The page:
This long earlier period of toolmaking, hunting, and foraging (2.6 milion years or more) which brought human ancestors out of Africa, and into Eurasia and Australia (and just before the dawn of agriculture into the Americas) left little in the way of properly historical or cultural evidence. The 12,000 years or so since the dawn of agriculture — our “Long Now” — has left us immeasurably more to sift through than that longer foraging period.

Before the “Long Now,” Archaeologists can document at least a few million years of progress and increasing sophistication in stone tools for hunting and processing food. Evolutionary biologists observe clear evidence of increasing sophistication of the oral and respiratory organ systems which make language possible, a biological development that arrives at something close to our human vocal abilities about a two hundred thousand years ago. Humans began burying the dead around 100,000 years — or 500 generations — ago. Then, cave drawings and carved bone artifacts have been discovered that date from as far back as 70,000 years ago. Settlement size seems to have really begun to increase around 20,000 years ago. But as far as culture or history before agriculture, what remains for us to look at today is quite scant.

However, once agriculture began to fuel the economic, human, and architectural expansion of formerly meager human settlements into city-states of people who numbered greater than 100,000, a whole new set of cultural requirements arose that give shape to our historical reconstructions. Most importantly, keeping track of human populations and the resources that sustained them necessitated writing and record-keeping, something that never seems to have been a big part of earlier foraging societies. Architecture would be used like never before to enforce hierarchical social structures onto the lives and populations of these great societies built around agriculture.

This 100 fold expansion of human societies and the functioning of these new great civilizations depended upon a complex differentiation of social roles: Between the leaders who planned and monitored the economic organization of agricultural surpluses from above and the workers and soldiers who executed the plans down below. Social strata were set up in hierarchies which assumed a pre-eminence they had never attained within the kind of foraging groups in which the biology and psychology of hominids had existed for millions of years before. Naturally, membership in these social strata was not optional. These societies had endogamous caste structures, which meant individuals married and reproduced internally to the strata within these hierarchies. Caste status was inherited.

This is where Religion really becomes important to the story.

But neither could these castes have been entirely the product of constant violent coercion. The submission of subjects to caste hierarchy was voluntary because it was made to seem natural. It was Religion that was used to justify non-innate socio-economic hierarchies to the humans who came to live within them. The stratification of these earliest civilizations were justified by reference to Ritual, Architecture, Statuary, and new kinds of Belief that enveloped the unchecked power of kings and priests over laboring subordinates within an aura of permanence, certainty, and infinite power. In short, Religion made the economic power structures of these agricultural societies seem at one with the infinite power of the gods themselves. And priests and kings used Religion’s divine power to promise to their subjects — in exchange for loyal obedience — a level of rewards and compensation that they could never grant in tangible material goods. Unquestioned loyalty was rebranded as participation in something greater, something eternal, something absolute, something so much greater than actual oppression, suffering, and death in ostensible slavery.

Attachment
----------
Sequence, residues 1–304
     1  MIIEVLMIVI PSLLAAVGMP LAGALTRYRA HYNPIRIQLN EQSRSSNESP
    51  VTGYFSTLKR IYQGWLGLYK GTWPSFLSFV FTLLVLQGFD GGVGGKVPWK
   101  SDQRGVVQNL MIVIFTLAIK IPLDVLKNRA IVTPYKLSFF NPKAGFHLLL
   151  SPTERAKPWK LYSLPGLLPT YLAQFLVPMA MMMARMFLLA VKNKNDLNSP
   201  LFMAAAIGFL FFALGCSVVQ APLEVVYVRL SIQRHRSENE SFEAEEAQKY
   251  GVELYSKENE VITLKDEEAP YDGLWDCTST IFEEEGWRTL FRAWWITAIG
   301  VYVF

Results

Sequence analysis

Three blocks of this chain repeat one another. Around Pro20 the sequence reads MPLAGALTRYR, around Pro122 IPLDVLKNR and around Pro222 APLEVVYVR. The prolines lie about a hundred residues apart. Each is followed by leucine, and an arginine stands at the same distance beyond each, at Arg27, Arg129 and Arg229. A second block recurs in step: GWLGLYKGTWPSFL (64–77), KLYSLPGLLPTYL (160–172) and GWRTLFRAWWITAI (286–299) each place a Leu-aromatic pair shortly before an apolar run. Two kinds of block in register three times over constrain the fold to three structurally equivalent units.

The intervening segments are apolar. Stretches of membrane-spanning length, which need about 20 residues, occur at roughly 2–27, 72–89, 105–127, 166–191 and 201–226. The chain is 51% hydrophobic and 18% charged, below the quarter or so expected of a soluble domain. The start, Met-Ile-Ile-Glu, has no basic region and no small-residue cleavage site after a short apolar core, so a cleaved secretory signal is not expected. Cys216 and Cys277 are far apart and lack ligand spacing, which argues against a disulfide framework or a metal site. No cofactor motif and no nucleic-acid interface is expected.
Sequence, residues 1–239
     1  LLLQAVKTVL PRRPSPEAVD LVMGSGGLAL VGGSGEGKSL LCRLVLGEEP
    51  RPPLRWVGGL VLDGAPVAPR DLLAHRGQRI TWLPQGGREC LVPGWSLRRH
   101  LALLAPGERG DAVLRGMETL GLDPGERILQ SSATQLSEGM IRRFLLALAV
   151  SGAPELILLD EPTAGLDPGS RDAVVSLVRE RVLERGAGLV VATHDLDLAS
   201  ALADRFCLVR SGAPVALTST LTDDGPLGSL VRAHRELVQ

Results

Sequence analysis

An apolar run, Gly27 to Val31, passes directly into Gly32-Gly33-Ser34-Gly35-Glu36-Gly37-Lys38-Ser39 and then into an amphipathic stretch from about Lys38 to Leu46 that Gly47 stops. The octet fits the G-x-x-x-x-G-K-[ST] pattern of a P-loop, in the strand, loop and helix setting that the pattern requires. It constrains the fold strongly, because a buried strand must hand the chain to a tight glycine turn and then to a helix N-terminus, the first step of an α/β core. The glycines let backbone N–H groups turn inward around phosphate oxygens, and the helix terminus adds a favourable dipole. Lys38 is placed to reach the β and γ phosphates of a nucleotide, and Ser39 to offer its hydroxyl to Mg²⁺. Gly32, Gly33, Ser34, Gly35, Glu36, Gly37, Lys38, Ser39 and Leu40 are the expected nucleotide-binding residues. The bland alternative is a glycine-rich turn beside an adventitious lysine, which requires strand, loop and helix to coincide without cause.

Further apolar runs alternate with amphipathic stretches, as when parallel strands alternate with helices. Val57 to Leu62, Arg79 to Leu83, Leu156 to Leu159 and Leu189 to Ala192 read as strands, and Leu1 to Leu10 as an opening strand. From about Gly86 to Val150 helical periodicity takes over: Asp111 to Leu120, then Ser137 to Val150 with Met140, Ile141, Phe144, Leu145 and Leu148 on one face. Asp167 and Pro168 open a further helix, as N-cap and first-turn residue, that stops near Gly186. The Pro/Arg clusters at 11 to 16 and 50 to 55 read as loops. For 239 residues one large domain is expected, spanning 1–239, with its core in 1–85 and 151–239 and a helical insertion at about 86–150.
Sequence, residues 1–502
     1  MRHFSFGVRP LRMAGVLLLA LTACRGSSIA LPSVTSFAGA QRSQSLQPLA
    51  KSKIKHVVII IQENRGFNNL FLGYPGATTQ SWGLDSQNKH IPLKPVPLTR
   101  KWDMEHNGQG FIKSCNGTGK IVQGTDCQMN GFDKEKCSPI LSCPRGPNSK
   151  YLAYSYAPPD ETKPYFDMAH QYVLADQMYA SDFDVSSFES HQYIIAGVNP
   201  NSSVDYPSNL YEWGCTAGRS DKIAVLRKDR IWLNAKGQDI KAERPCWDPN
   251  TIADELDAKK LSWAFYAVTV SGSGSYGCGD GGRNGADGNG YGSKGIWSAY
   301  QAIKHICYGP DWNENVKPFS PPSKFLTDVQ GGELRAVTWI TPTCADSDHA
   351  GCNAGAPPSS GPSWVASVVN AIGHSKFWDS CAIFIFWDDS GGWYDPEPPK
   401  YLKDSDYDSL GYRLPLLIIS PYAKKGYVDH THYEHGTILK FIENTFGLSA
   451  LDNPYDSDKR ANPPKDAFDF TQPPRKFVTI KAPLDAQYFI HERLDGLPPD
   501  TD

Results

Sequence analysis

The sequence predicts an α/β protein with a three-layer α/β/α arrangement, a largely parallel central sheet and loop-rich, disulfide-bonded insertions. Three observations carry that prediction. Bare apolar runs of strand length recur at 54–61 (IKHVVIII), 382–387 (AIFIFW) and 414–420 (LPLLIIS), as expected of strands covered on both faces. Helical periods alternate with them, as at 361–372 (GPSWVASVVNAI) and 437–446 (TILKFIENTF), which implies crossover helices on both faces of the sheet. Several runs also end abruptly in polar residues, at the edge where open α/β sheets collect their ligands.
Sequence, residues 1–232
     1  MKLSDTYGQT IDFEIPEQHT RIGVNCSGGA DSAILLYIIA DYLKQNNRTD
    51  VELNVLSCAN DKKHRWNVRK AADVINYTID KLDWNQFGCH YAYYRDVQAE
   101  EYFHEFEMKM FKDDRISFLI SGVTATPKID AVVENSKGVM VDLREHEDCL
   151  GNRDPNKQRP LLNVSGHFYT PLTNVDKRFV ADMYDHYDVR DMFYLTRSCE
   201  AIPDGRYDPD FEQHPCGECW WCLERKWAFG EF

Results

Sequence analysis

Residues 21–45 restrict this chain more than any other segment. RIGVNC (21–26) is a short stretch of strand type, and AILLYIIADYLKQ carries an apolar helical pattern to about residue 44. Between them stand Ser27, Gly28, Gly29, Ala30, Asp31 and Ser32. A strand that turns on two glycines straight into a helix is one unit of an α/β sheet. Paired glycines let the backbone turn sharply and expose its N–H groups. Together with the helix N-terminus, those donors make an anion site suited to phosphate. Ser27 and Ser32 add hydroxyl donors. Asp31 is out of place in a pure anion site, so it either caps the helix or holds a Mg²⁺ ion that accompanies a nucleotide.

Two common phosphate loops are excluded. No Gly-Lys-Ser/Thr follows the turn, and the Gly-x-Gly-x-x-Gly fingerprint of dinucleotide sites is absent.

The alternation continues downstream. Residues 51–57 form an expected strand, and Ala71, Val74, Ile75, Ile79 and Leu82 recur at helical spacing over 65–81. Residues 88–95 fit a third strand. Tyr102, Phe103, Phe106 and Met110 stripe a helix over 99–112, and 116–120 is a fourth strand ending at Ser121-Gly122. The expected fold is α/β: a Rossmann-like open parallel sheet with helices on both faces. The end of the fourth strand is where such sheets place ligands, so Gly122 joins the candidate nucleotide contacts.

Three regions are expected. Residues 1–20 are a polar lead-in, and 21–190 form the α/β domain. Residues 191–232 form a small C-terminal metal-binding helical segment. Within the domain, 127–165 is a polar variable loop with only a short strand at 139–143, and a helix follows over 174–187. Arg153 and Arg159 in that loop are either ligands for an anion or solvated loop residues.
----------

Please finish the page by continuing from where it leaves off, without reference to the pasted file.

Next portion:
For the most part, it worked very well — as long as the agricultural basis of a society’s economy continued to thrive and expand.

Yet, none of these societies nor their religious rituals has survived intact to the present day. We feel their influence, but only at a remove because Religion as we know it today was born from a transformation that pushed humans away from the hierarchies of agricultural control economies. The most powerful religious institutions that have survived to our contemporary moment — Judaism, Christianity, and Islam; Buddhism and Hinduism from India; Taoism and Confucianism from China— were all born from a rebellion against the control economies of earlier theocracies.

Religions as we know them today all emerged out of a skeptical turning away from the religions of the first great agricultural societies.

And my main point in this article is that the central ideas of Capitalism are of similar provenance:

The notion that Private Property and Voluntary Exchange — i.e. Capitalism — are good emerged at the same time as the notion that economies controlled by status-based theocracies were bad.

This was a rebellion from the economic control and caste-embedded religious power that had characterized most of the societies of history.

The Axial Turn is the name that scholars of Religion have given to this great shift in human consciousness, whose temporal epicenter lies somewhere around the final millennium BCE.